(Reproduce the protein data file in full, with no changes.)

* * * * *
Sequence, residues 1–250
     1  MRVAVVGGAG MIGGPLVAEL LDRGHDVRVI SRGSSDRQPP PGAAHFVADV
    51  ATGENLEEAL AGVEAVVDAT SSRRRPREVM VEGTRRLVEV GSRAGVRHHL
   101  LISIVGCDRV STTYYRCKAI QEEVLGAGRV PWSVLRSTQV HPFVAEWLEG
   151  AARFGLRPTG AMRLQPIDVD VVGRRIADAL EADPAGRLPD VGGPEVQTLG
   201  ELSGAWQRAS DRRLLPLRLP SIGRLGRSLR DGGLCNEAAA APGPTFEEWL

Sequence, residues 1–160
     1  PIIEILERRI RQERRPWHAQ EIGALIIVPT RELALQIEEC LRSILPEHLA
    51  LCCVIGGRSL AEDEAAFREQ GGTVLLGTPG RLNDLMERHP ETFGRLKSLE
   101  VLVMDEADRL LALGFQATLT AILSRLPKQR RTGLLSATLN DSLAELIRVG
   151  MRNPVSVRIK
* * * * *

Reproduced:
Sequence, residues 1–250
     1  MRVAVVGGAG MIGGPLVAEL LDRGHDVRVI SRGSSDRQPP PGAAHFVADV
    51  ATGENLEEAL AGVEAVVDAT SSRRRPREVM VEGTRRLVEV GSRAGVRHHL
   101  LISIVGCDRV STTYYRCKAI QEEVLGAGRV PWSVLRSTQV HPFVAEWLEG
   151  AARFGLRPTG AMRLQPIDVD VVGRRIADAL EADPAGRLPD VGGPEVQTLG
   201  ELSGAWQRAS DRRLLPLRLP SIGRLGRSLR DGGLCNEAAA APGPTFEEWL

Sequence, residues 1–160
     1  PIIEILERRI RQERRPWHAQ EIGALIIVPT RELALQIEEC LRSILPEHLA
    51  LCCVIGGRSL AEDEAAFREQ GGTVLLGTPG RLNDLMERHP ETFGRLKSLE
   101  VLVMDEADRL LALGFQATLT AILSRLPKQR RTGLLSATLN DSLAELIRVG
   151  MRNPVSVRIK